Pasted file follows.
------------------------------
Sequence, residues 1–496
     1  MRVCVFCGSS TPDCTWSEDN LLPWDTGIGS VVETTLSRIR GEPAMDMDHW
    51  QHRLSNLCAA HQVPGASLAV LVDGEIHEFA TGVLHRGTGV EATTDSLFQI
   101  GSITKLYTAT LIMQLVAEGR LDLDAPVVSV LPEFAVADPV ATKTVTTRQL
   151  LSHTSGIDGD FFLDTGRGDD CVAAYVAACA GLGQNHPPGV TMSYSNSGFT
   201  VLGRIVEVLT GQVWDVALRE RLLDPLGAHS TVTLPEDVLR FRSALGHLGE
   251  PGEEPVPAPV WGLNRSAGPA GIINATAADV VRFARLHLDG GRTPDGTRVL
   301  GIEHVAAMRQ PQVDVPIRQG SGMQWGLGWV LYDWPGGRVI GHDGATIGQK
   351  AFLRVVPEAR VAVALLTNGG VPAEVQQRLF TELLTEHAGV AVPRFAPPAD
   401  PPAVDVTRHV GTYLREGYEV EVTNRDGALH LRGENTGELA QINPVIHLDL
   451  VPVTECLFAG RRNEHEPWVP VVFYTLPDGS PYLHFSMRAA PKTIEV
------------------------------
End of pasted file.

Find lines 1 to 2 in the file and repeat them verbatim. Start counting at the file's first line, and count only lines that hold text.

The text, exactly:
Sequence, residues 1–496
     1  MRVCVFCGSS TPDCTWSEDN LLPWDTGIGS VVETTLSRIR GEPAMDMDHW